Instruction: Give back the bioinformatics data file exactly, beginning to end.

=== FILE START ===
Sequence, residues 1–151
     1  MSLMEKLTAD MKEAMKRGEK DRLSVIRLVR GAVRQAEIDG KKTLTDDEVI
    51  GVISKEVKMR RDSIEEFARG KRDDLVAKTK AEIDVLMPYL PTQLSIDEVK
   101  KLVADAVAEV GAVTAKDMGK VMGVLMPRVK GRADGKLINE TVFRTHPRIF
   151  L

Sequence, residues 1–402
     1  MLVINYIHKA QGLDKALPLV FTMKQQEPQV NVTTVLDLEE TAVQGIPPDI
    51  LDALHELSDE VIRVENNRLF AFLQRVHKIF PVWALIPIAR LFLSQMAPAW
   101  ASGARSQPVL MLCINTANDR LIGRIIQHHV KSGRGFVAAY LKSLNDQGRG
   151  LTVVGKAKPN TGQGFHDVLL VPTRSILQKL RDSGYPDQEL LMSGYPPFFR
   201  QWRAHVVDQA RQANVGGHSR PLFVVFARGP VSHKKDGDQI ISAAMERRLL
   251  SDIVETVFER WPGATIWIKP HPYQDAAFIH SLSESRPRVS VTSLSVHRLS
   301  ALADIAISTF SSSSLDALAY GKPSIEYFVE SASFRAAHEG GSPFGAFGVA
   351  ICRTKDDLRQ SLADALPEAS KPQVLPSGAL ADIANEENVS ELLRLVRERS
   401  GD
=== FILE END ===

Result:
Sequence, residues 1–151
     1  MSLMEKLTAD MKEAMKRGEK DRLSVIRLVR GAVRQAEIDG KKTLTDDEVI
    51  GVISKEVKMR RDSIEEFARG KRDDLVAKTK AEIDVLMPYL PTQLSIDEVK
   101  KLVADAVAEV GAVTAKDMGK VMGVLMPRVK GRADGKLINE TVFRTHPRIF
   151  L

Sequence, residues 1–402
     1  MLVINYIHKA QGLDKALPLV FTMKQQEPQV NVTTVLDLEE TAVQGIPPDI
    51  LDALHELSDE VIRVENNRLF AFLQRVHKIF PVWALIPIAR LFLSQMAPAW
   101  ASGARSQPVL MLCINTANDR LIGRIIQHHV KSGRGFVAAY LKSLNDQGRG
   151  LTVVGKAKPN TGQGFHDVLL VPTRSILQKL RDSGYPDQEL LMSGYPPFFR
   201  QWRAHVVDQA RQANVGGHSR PLFVVFARGP VSHKKDGDQI ISAAMERRLL
   251  SDIVETVFER WPGATIWIKP HPYQDAAFIH SLSESRPRVS VTSLSVHRLS
   301  ALADIAISTF SSSSLDALAY GKPSIEYFVE SASFRAAHEG GSPFGAFGVA
   351  ICRTKDDLRQ SLADALPEAS KPQVLPSGAL ADIANEENVS ELLRLVRERS
   401  GD